Q&A with Kiko Matthews: ‘There is nothing a man can achieve that a woman can’t’

Here at KK HQ we like to support and celebrate our tribe and Kiko Matthews is our kind of girl. The 36-year-old survived a life-threatening tumour in 2009 and is now preparing to attempt to break a world record – rowing solo and unsupported across the Atlantic in biting January to raise money for King’s College Hospital who saved her life. Oh, and she decided on the challenge having never stepped inside a rowing boat.

So why did you decide to row across the icy cold Atlantic in an attempt to break a world record?

My good friend Charlie Pitcher has the male solo record in the boat I’m using  – he makes the best ocean rowing boats in the world – and I have been following all the teams he sends off across the Atlantic. I thought, ‘if they can, why can’t I?’
I love standup paddle boarding, adventure, and challenges but there was no way I was going to paddle across the Atlantic, so I thought rowing would make more sense. That was about as complicated as it got! I phoned up Charlie, who apparently has been trying to get me in a boat ever since I met him, and just said, ‘how easy would it be to break the female record?’ And that was that. I told everyone and now I have to do it – tell the world and suffer the consequences after. No return!


How does someone prepare to row 16 hours a day?

It’s a real mental game. You obviously have to be physically capable so training is very important, but much of the challenge is about my head. I’m competitive with myself, determined and physically strong so I feel I can cope with the challenge ahead. For the time being, I’m just following a standard strength and fitness regime  – cycling, paddling, British Military Fitness, gym, and rowing in my boat in Essex. Come November, I will do a training run from Portugal to the Canary Islands, which will be 700 miles, to get me used to sea conditions.  My funding campaign, 100TOGETHER which is about having women-only funding it, also entails having women supporting me in my cabin so I won’t be alone. There will always be a community supporting me.

Why is it all about the girls?

Women are designed to work together – think cave, kids, men out hunting, and women at home working together to keep the fires burning. We aren’t meant to be solo creatures so while I am physically going to be solo, the whole run up to, and the crossing for the world record will be about a team of women that I couldn’t do without. I’m no bra-burning, foot-stamping feminist but I do believe that there is nothing a man can achieve that a woman can’t, and I want to inspire young girls to blossom into confident, independent and resilient women, capable of anything they chose. If we work together and support each other, we can get through challenges we set ourselves or unknown challenges we face in our lives. I have been single a long time – long enough to make me happy to be on my own for 45 days at sea! – but this has really taught me a lot about life, independence, resilience and the power of friends and community.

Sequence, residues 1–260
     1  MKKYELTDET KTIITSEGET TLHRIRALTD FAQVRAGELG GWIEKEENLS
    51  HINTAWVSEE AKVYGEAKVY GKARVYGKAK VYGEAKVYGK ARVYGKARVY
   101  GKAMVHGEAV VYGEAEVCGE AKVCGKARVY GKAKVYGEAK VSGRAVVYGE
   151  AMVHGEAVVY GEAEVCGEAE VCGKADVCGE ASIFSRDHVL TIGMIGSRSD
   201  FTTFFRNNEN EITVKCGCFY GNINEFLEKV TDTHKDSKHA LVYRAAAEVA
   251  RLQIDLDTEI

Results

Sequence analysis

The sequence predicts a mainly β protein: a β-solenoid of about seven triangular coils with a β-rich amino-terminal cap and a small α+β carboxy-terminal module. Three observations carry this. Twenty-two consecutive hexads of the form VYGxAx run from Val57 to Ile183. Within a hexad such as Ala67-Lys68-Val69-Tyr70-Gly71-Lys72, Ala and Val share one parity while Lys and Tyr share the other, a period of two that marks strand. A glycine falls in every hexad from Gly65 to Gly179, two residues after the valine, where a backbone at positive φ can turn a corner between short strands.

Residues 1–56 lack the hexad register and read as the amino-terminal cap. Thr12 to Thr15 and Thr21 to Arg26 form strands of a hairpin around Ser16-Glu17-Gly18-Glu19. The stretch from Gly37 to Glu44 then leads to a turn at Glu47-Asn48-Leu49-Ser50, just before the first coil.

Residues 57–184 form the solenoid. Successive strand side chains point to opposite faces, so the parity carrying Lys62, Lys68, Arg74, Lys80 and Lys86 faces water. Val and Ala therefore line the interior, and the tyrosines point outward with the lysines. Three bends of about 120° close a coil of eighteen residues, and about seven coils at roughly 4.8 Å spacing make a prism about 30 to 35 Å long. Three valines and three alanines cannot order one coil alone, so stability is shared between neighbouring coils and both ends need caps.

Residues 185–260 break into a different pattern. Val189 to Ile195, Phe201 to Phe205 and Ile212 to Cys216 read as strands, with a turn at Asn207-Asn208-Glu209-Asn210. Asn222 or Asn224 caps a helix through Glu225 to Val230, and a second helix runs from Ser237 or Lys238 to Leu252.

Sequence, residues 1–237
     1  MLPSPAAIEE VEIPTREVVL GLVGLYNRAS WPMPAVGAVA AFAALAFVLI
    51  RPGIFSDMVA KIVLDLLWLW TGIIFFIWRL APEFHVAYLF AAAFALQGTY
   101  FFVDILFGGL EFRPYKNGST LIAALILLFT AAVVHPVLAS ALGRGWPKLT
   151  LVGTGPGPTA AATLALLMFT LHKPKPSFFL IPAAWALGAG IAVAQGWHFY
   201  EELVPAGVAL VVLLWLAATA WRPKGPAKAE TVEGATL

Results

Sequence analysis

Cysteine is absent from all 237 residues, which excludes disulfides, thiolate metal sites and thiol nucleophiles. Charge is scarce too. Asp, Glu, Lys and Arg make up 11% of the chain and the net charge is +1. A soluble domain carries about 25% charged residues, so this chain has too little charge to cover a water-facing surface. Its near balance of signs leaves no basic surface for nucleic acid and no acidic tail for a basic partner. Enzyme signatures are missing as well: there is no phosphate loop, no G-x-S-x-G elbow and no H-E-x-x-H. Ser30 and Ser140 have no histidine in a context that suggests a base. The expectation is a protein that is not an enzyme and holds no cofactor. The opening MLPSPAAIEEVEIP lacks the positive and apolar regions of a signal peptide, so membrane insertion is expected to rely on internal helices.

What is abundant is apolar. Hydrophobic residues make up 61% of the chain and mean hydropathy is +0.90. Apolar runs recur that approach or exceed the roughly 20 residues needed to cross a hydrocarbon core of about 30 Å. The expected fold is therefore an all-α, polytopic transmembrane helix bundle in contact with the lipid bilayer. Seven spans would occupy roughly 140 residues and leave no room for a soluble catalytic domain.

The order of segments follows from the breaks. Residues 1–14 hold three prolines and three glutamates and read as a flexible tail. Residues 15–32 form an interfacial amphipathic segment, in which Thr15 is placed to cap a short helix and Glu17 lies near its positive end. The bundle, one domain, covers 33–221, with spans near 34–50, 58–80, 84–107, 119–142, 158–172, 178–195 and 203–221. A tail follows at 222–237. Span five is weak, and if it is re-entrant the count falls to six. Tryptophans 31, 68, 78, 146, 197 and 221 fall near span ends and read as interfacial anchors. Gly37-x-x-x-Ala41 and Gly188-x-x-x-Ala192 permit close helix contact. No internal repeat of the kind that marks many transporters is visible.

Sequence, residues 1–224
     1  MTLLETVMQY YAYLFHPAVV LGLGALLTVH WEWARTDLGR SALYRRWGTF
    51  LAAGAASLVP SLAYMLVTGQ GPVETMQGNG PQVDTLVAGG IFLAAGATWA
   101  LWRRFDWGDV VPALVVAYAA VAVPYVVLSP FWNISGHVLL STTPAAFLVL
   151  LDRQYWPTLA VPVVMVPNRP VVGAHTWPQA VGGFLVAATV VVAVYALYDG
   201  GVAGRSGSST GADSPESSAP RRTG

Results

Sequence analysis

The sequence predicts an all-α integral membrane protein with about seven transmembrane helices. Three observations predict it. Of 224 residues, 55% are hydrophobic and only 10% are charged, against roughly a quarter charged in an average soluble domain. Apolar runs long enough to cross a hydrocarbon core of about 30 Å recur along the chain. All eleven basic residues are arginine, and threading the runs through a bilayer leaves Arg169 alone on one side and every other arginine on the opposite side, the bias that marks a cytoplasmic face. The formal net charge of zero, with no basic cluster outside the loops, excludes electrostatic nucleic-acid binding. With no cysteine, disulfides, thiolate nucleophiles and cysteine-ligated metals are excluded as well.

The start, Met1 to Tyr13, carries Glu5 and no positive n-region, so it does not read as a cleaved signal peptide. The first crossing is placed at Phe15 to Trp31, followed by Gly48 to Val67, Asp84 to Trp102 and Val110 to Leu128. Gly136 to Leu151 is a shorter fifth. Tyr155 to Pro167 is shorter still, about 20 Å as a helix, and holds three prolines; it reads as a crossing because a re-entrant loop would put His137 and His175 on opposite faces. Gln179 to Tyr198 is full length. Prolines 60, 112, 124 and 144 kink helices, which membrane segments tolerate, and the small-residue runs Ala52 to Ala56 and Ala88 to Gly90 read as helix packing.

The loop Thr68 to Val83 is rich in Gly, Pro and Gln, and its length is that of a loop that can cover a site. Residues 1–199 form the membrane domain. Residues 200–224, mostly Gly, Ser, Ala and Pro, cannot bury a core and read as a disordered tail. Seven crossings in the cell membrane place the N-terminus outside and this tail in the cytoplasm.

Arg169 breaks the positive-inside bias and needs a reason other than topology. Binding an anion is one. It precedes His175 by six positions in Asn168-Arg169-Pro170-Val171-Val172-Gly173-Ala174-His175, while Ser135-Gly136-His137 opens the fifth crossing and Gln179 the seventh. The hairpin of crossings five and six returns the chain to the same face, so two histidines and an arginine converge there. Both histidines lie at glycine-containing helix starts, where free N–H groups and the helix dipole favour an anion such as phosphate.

What are you most nervous about?

I’m most nervous about not getting to the start line if I don’t get funded. I’m trying to run this campaign on my own. I do have some support for various things but there is so much to do, on top of trying to earn a living and train. I quite often have moments and mini freak outs when I think I may not even get to the start. Fingers crossed. As for being on the water, I do have a few worries about a night-time storm and capsizing. Death doesn’t worry me, partly because I’m invincible, but if I do then at least I will go doing something I love and for a good cause.

What’s the best gift that tumour gave you?

Nearly dying from a pituitary tumour called Cushing’s Disease in 2009 was one of the best things that happened to me. Mostly because I now had a great excuse to never do what I hated. I’ve been given a second chance so I should only do what I love. I’ve just found out it has come back and while this is slightly annoying, I know I can cope with it mentally because I’ve done it once already – you learn about control, worrying and wasting energy. There are some things in life you can control, and others you can’t. This whole thing taught me that, and that worrying is a pointless waste of energy. It has definitely made me live my life, do things that I may never have done, try whatever is offered, not judge people, be kind, and be extremely thankful for what I have – it could be so much worse. It has made me far less materialistic, and has made me appreciate even the smallest of things.

Finally, where does Kiko come from?

I’m named after the daughter of Japanese politician called Sakiko who was at uni with dad – he kind of fancied her a bit! Unfortunately, I don’t think the impact on her was quite reciprocated as I emailed her and she couldn’t remember him!

Support Kiko here at 100TOGETHER